Two-day workshop in Yerevan promotes Armenia as a study abroad destination for American students
Armenia has much to offer to U.S. students interested in studying abroad, attendees of a two-day workshop held by American Councils heard on Tuesday. During the workshop, made possible by a grant awarded by the U.S. Department of State’s recently-established U.S. Study Abroad office, speakers from American Councils and the U.S. Embassy emphasized that Armenia has the potential to attract greater numbers of U.S. students, and discussed with representatives of Armenian higher education institutions ways of expanding their marketing to the American audience. U.S. students are increasingly looking for non-traditional destinations that offer unique experiences for short-term study related to their fields of interest, and Armenian higher education institutions have much to offer in these fields.
“The U.S. places great importance on study abroad programs and encourages American students to explore these opportunities for many reasons, said Public Affairs Officer Jacqueline Deley. “First and foremost, study abroad promotes mutual understanding between people of different countries and the U.S. Americans studying abroad forge strong, life-long friendships with citizens and other foreign students in their host countries, and can appreciate the histories and cultures of other countries in ways that cannot be learned in books. At the same time, by sharing American culture and values with host country friends and contacts, these students can be enormously effective citizen diplomats. The U.S. and Armenia have been friends and partners for many years, and we believe that increased flows of exchange students between our two countries will strengthen our bilateral relationship even further. We hope that more American students will take advantage of study abroad opportunities in Armenia, to serve as ambassadors of goodwill, and to contribute to the mutual understanding and friendship between our two peoples and experience the many delights this country has to offer.”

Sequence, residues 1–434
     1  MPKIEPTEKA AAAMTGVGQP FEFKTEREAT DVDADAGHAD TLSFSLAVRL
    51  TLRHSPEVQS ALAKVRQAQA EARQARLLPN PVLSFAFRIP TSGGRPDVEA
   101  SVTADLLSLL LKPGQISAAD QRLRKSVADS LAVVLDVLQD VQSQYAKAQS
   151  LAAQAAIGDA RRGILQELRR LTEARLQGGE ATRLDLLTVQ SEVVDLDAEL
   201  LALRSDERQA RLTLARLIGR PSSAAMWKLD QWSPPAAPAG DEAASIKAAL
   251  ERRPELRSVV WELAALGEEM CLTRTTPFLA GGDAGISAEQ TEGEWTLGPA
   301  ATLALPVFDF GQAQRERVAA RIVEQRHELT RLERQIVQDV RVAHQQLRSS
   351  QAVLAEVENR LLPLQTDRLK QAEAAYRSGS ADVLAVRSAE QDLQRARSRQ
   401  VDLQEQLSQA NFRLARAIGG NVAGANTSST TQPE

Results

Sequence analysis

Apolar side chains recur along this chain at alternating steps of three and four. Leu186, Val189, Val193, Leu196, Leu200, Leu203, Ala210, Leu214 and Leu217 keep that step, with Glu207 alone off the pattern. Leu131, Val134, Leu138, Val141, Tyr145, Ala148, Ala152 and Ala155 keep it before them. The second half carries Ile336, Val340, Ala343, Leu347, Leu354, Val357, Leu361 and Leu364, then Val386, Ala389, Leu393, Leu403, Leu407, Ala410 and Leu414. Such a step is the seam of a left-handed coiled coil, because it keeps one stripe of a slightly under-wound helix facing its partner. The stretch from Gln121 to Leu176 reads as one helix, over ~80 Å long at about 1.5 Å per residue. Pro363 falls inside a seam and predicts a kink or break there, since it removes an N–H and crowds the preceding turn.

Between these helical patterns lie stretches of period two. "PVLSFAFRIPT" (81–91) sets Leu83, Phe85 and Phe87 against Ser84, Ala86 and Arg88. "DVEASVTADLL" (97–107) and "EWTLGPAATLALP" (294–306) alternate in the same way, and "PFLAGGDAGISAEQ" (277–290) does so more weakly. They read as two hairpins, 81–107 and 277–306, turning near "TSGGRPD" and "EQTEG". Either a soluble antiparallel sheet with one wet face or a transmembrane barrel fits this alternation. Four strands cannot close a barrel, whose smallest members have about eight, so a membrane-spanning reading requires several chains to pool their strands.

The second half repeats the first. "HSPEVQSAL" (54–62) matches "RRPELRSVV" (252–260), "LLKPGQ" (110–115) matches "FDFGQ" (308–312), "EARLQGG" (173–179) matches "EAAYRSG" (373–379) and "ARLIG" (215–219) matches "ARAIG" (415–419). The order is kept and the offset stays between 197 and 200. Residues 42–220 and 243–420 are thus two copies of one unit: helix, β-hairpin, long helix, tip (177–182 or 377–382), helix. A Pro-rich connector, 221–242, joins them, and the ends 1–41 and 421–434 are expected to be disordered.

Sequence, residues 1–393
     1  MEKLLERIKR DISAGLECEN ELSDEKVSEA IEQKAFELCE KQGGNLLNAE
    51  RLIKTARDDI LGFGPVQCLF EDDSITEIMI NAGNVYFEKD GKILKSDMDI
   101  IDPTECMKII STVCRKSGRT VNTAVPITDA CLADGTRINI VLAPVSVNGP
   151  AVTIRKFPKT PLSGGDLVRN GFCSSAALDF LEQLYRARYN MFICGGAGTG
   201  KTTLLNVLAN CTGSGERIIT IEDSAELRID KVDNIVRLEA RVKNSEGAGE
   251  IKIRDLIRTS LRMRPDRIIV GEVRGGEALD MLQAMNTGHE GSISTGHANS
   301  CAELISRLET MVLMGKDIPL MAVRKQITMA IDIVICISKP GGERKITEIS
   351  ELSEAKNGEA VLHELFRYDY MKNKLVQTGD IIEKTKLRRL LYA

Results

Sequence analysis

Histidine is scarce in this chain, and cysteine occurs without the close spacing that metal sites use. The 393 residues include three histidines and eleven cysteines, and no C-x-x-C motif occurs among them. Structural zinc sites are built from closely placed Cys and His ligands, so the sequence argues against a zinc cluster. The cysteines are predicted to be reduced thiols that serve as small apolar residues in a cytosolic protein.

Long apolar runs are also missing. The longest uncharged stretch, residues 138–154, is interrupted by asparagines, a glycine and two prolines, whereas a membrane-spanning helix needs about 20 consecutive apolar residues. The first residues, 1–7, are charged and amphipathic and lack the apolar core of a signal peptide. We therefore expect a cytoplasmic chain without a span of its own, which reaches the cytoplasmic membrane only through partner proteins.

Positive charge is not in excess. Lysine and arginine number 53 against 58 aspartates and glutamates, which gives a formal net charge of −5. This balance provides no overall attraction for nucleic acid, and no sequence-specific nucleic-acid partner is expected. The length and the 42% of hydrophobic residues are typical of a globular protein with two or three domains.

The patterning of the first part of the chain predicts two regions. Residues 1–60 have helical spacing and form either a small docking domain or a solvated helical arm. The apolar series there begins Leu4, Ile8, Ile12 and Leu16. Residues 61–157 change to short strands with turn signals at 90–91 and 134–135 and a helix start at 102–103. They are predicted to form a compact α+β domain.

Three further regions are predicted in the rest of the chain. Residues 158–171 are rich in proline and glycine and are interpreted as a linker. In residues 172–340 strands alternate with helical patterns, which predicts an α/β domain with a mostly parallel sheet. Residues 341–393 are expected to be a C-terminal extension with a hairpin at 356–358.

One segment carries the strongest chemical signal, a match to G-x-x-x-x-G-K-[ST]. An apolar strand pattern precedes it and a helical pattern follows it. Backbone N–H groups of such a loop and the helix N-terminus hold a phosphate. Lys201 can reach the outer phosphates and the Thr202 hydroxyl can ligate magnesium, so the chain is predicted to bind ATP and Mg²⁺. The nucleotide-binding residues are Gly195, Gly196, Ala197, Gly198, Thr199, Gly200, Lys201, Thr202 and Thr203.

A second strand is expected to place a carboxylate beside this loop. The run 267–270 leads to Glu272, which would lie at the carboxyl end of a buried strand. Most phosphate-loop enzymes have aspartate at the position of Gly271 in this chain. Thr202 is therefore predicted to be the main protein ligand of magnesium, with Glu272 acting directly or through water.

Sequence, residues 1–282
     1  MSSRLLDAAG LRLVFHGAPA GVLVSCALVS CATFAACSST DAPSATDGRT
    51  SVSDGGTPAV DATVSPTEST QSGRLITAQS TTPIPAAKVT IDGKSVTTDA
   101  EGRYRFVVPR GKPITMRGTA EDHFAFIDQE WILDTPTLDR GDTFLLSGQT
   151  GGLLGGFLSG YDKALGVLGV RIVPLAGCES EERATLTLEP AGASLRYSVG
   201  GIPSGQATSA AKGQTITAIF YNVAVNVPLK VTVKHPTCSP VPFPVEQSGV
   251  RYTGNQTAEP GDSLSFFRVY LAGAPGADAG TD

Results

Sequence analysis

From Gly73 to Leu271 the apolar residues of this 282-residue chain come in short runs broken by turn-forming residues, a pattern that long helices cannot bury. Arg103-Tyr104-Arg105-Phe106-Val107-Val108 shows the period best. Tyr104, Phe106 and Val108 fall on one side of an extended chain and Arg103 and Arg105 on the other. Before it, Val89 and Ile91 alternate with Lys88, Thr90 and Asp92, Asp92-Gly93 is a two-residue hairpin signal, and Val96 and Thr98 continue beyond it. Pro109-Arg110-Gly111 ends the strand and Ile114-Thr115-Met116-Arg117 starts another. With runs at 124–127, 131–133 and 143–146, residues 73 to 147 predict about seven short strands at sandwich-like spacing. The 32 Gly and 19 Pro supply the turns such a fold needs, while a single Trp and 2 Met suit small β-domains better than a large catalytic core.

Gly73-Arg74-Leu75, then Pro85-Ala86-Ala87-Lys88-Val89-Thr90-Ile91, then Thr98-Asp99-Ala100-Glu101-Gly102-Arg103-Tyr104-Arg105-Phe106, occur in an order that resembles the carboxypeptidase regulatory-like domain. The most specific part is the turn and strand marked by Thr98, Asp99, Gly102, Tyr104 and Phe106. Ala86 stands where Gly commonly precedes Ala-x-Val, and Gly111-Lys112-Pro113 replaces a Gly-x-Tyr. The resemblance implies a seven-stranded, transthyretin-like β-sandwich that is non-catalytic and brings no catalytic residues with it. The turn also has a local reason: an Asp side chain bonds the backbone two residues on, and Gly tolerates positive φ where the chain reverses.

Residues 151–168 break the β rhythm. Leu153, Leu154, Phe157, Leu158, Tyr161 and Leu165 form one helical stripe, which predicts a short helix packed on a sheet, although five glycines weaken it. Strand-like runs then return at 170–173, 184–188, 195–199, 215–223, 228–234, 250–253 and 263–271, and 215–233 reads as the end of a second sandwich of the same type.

The two-day workshop included sessions on U.S. study abroad trends, the value-added of academic exchanges, lessons learned from past U.S. student programs, and tips for communicating with U.S. audiences. In the audience were higher education professionals from public and private institutions in Armenia and representatives from the Ministry of Education and Science.
The mission of the State Department’s U.S. Study Abroad Branch is to not only increase the number of Americans studying overseas, but also to promote diversity of students, fields of study, locations of study, and types of higher education institutions.